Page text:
You need demosaic algorithm even if you convert an image to B&W.
A reason for that is quite simple - otherwise you'd get sub-pixel artifacts all over the place. You need to realize that image recorded by sensor is quite messy. Let's take a look at the sample from Wikipedia:
Now imagine we don't do any demosaicing and just convert RAW into grayscale:
Well... you see the black holes? Red pixels didn't register anything in the background.
Now, let's compare that with demosaiced image converted to the gray scale (on a left):
You basically loose detail, but also loose a lot of artifacts that make the image rather unbearable. Image bypassing demosaicing also looses a lot of contrast, because of how the B&W conversion is performed. Finally the shades of colours that are in-between primary colors might be represented in rather unexpected ways, while large surfaces of red and blue will be in 3/4 blank.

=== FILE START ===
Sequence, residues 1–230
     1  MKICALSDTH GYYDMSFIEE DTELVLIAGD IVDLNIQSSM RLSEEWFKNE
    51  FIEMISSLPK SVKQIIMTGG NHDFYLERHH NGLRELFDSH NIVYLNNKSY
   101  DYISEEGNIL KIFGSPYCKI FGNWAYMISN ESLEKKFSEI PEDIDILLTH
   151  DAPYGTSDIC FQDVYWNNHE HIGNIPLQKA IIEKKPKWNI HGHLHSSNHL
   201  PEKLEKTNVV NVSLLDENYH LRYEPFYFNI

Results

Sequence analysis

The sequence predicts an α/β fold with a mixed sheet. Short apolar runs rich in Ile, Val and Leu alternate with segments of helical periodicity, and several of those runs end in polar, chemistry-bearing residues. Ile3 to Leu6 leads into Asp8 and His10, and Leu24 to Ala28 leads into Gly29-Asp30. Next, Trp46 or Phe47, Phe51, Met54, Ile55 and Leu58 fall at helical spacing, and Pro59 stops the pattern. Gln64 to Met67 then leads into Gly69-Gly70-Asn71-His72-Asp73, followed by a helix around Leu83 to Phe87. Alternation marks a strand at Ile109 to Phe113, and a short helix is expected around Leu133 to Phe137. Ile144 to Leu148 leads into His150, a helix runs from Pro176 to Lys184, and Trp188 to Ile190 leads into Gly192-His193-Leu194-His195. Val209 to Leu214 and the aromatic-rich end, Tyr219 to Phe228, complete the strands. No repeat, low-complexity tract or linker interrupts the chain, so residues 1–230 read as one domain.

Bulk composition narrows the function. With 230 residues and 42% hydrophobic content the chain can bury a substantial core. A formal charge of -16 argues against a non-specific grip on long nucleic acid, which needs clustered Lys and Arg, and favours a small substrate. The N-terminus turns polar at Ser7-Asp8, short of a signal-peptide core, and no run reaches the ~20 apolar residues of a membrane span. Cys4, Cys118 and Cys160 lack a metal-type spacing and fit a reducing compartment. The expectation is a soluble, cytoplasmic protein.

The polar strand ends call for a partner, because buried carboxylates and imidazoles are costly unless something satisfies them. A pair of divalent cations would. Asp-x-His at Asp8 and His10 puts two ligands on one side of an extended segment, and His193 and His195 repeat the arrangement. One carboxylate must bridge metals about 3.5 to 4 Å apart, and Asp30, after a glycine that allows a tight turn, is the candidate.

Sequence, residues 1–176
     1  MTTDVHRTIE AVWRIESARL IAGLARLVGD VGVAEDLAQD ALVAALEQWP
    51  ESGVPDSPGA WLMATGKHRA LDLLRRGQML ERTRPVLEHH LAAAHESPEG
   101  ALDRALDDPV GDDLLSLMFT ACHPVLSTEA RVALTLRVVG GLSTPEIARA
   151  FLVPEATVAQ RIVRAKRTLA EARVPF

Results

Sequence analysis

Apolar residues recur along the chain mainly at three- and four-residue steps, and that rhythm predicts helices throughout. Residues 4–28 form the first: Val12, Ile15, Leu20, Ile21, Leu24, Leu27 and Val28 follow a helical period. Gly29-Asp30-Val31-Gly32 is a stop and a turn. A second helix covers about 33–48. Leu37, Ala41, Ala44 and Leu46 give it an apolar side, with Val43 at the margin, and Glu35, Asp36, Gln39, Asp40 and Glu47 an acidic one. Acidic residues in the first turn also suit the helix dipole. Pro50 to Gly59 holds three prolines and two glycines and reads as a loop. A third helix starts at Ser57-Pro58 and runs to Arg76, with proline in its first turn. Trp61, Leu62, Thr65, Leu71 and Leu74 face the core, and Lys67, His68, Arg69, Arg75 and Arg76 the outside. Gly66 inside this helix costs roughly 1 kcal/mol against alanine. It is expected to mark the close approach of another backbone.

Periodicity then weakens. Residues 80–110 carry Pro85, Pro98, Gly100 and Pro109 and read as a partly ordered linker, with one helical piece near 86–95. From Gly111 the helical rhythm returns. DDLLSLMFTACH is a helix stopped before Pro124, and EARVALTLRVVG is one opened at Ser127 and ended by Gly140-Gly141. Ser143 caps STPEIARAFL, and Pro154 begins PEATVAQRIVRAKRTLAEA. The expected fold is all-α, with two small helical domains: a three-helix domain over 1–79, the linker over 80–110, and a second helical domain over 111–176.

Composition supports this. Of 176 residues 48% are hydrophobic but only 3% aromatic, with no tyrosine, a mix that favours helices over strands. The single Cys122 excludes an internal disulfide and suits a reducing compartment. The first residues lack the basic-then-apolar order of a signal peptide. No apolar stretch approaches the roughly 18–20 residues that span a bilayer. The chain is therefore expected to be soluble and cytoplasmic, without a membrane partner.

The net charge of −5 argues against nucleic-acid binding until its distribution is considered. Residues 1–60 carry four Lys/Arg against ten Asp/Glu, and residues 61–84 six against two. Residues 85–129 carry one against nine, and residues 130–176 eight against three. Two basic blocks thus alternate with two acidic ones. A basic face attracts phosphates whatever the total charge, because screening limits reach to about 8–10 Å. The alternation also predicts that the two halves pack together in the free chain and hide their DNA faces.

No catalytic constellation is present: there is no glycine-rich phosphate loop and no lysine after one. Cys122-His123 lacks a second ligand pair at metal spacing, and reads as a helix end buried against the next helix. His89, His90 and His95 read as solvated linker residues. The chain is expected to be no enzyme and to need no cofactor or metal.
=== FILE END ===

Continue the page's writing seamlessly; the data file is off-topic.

I know that it's a simplification, and you might aim into creating an algorithm that's simply: more efficient in RAW conversion to B&W, but my point is that:
You need computed colour image to generate correct shades of gray in B&W photograph.
The good way to do B&W photography is by removing colour filter array completely - like Leica did in Monochrom - not by changing the RAW conversion. Otherwise you either get artifacts, or false shades of gray, or drop in resolution or all of these.
Add to this a fact that RAW->Bayer->B&W conversion gives you by far more options to enhance and edit image, and you got pretty much excellent solution that only can be overthrown by dedicated sensor construction. That's why you don't see dedicated B&W RAW converters that wouldn't fall back into demosaicing somewhere in the process.